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Mathematical Problems in Engineering
Volume 2012 (2012), Article ID 329489, 18 pages
http://dx.doi.org/10.1155/2012/329489
Research Article

Bayesian Analysis of the Survival Function and Failure Rate of Weibull Distribution with Censored Data

1Institute for Mathematical Research, Universiti Putra Malaysia, 43400 Serdang, Selangor, Malaysia
2Department of Mathematics, Universiti Putra Malaysia, 43400 Serdang, Selangor, Malaysia

Received 17 August 2012; Accepted 18 September 2012

Academic Editor: Carlo Cattani

Copyright © 2012 Chris Bambey Guure and Noor Akma Ibrahim. This is an open access article distributed under the Creative Commons Attribution License, which permits unrestricted use, distribution, and reproduction in any medium, provided the original work is properly cited.

Abstract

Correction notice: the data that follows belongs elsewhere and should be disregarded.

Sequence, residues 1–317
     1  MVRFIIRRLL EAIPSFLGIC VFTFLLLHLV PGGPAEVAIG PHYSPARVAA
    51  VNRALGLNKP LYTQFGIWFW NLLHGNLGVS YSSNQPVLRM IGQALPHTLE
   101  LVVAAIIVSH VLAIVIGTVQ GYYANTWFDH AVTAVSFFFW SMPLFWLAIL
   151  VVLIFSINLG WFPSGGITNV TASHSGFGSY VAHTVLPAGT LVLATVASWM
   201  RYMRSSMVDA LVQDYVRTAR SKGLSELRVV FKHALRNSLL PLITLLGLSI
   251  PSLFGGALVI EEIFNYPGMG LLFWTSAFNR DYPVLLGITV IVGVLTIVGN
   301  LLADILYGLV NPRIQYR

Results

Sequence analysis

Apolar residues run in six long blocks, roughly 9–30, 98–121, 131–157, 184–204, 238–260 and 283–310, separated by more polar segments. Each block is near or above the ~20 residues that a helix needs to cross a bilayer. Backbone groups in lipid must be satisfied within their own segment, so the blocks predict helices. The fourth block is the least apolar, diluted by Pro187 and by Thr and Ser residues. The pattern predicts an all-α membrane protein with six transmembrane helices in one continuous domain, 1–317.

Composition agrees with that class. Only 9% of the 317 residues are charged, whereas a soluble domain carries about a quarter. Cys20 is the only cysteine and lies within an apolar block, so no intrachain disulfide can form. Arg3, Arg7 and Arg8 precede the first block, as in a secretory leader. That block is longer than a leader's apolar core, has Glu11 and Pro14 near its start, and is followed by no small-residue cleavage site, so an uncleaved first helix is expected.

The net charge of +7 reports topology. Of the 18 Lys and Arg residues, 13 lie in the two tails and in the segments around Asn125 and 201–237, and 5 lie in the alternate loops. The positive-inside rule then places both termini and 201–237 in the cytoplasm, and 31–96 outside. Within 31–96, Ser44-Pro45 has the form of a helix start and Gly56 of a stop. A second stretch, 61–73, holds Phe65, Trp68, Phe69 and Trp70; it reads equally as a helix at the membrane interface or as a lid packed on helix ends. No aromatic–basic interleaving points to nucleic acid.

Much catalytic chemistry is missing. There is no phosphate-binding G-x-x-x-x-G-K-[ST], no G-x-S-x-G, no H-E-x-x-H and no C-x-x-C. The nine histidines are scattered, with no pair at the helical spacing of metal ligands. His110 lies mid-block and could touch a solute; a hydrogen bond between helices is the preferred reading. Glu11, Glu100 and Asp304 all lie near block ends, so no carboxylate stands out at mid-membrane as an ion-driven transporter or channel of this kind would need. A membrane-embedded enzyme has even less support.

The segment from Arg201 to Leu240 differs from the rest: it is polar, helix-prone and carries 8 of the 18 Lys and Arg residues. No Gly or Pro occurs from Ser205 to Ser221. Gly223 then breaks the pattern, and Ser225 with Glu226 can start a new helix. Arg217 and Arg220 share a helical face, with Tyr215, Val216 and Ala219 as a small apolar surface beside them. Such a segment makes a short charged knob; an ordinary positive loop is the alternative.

The survival function of the Weibull distribution determines the probability that a unit or an individual will survive beyond a certain specified time while the failure rate is the rate at which a randomly selected individual known to be alive at time will die at time ( ). The classical approach for estimating the survival function and the failure rate is the maximum likelihood method. In this study, we strive to determine the best method, by comparing the classical maximum likelihood against the Bayesian estimators using an informative prior and a proposed data-dependent prior known as generalised noninformative prior. The Bayesian estimation is considered under three loss functions. Due to the complexity in dealing with the integrals using the Bayesian estimator, Lindley’s approximation procedure is employed to reduce the ratio of the integrals. For the purpose of comparison, the mean squared error (MSE) and the absolute bias are obtained. This study is conducted via simulation by utilising different sample sizes. We observed from the study that the generalised prior we assumed performed better than the others under linear exponential loss function with respect to MSE and under general entropy loss function with respect to absolute bias.